Hype over dexamethasone as Covid-19 cure might prove to be costly and break people's trust in science: Expert
Hydroxychloroquine and chloroquine were being celebrated as coronavirus cure but studies soon found out loopholes
Recently, researchers working on the UK-based 'RECOVERY' trial announced that dexamethasone — a cheap and widely available drug — that lowers inflammation may save the sickest Covid-19 patients. Patients on ventilators who were given the steroid were 35% less likely to die compared to other patients on ventilators who were not given it.
The findings look promising given the positive results. But it reportedly comes with a red flag since the researchers have only released a summary of the data. They have not released a complete, peer-reviewed paper, though they have reportedly said the complete research paper will be published soon.
Commenting on the news, Mark T Heise, Ph.D., Professor of Genetics, Microbiology, and Immunology at the University of North Carolina, Chapel Hill, said that these findings should be interpreted with caution because in the past multiple “not-so-perfect” studies have cropped up but later they were withdrawn after showing negative results. A very recent instance was the retraction of high-profile studies on potential Covid-19 treatments, hydroxychloroquine and chloroquine, due to suspect data.
A small French study in March claimed that hydroxychloroquine, the anti-malarial drug, has the potential to treat coronavirus. However, as more robust studies came out, they suggested that the drug was at best ineffective, and at worst potentially harmful. Same happened with chloroquine that led FDA to revoke "the emergency use authorization (EUA) to use hydroxychloroquine and chloroquine to treat Covid-19 in certain hospitalized patients when a clinical trial is unavailable or participation is not feasible."
According to a site called 'Briz Brain & Spine', dexamethasone also has side-effects if not taken under guidance. The site lists the side-effects of the drug when its use is prolonged. "It commonly causes weight gain, high blood sugar (making diabetes worse), muscle weakness, mood and behavioral changes, sleep disturbance, suppression of the immune system, etc — the list goes on. So the use of dexamethasone should be limited to try to reduce or avoid some of these unpleasant side effects."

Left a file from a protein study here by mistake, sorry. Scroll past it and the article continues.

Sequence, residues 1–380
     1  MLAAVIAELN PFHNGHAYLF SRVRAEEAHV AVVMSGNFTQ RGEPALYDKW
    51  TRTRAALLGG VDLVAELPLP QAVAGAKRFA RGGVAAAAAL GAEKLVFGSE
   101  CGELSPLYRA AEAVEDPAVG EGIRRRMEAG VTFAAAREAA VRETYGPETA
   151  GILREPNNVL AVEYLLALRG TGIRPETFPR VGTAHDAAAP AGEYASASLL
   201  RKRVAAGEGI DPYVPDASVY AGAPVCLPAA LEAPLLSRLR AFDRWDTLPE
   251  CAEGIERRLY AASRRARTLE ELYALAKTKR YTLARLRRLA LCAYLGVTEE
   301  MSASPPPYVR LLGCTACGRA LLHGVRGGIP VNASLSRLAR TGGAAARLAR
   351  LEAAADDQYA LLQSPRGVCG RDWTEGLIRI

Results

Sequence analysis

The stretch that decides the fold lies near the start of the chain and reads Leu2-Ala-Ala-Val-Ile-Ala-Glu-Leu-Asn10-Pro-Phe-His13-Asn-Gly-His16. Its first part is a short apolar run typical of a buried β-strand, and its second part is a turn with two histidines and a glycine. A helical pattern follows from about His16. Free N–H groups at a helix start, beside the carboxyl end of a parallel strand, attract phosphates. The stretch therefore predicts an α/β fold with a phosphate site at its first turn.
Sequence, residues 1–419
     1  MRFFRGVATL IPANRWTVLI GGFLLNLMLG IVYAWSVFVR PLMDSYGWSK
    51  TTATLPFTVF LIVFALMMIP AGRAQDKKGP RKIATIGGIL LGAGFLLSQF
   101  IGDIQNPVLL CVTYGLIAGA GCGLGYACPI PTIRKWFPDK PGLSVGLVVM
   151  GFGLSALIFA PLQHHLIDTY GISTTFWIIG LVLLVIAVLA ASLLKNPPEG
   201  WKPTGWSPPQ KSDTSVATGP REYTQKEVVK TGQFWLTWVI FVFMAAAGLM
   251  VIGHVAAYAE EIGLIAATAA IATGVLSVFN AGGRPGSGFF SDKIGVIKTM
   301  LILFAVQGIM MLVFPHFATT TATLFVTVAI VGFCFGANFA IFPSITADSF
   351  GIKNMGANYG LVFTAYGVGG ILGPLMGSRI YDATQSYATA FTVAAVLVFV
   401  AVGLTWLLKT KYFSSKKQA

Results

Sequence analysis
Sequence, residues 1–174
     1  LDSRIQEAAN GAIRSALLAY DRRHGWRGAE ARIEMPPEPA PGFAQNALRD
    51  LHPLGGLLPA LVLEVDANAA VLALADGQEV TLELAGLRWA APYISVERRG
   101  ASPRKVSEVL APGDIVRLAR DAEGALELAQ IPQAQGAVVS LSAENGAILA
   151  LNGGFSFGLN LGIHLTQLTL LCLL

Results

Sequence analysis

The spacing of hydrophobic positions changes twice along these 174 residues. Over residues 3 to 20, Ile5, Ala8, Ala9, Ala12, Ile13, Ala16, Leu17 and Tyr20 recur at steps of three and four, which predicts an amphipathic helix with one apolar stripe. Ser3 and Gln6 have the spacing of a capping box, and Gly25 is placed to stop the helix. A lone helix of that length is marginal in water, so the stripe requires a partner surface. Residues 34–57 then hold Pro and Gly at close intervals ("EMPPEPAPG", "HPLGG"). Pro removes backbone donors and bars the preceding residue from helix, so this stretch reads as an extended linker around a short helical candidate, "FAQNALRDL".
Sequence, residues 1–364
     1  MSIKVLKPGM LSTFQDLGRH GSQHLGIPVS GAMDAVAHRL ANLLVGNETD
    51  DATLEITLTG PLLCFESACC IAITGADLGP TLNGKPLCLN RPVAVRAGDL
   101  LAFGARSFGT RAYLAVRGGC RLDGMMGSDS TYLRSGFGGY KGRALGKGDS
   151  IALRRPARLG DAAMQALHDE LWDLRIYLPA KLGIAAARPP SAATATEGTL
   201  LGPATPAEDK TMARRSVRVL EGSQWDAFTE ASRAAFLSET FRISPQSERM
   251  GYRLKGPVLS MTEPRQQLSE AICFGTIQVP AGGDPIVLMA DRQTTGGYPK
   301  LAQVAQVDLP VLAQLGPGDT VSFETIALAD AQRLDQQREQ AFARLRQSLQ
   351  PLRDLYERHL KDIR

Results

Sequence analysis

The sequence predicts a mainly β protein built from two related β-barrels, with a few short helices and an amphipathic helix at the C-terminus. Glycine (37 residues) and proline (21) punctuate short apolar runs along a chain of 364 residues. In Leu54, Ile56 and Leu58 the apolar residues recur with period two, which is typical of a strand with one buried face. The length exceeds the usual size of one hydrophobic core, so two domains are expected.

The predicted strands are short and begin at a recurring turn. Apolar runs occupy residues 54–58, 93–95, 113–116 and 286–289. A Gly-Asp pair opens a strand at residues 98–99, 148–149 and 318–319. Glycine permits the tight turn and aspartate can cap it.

“If studies are rushed to the point that experiments are not repeated or careful controls are not included, this can lead to erroneous findings. In the worst case, this might lead to unsafe or ineffective treatments/vaccines being promoted, as exemplified by chloroquine. These none-so-perfect studies also hold the risk that if their results prove not to be reproducible, or even invalid, this can further undercut public confidence in science,” Heise told MEA WorldWide (MEAWW), adding: "The best ways to address this remain rigorous peer review, which will hold the work to high standards, and transparency in the reporting of methodologies and results so that others can attempt to reproduce results as quickly and accurately as possible to determine whether the findings are valid."
The professor also explained how the pandemic has put pressure on researchers to accelerate the traditional slow-and-steady scientific review process in the time of the pandemic, which has claimed over 400,000 lives globally. “I think that the entire scientific community feels intense pressure to push Covid-related results out at quickly as possible. In our case, we are working longer hours (there are no weekends anymore) and moving people from other projects to accelerate drug and vaccine testing studies, while still adhering to our normal standards of ensuring that results are reproducible and well-controlled. In many cases, we are trying to accelerate the reporting of results by publishing the work in smaller units.”
Heise added: “In a hypothetical example, pre-Covid, if we identified a drug that inhibited the virus, we might have waited to publish the paper until we had a full understanding of the drug’s mechanism of action, which can add months or even years to the study. Now, in order to ensure that the information gets out to the scientific and medical community as quickly as possible, we would focus on making sure that the initial results were reproducible and well-controlled, and then report those results (e.g. drug A inhibits SARS2 in cell culture and animal models) as fast as possible. We would then report the mechanistic analysis in follow-up manuscripts.”
Heise also warned that the general public “should hold off on putting too much credence into results until they have been reproduced by multiple groups/studies. Likewise, public officials, the media, and scientists should hold off on promoting (hyping) results until they have been shown to be reproducible, or at the very least, undergone peer review.”
At the end of the interview, Heise told MEAWW that if dexamethasone is proved to treat Covid-19 “and if the results stand up and are shown to be reproducible in larger populations of patients, I expect that it would be incorporated into the standard of care for individuals with severe SARS2-induced disease.”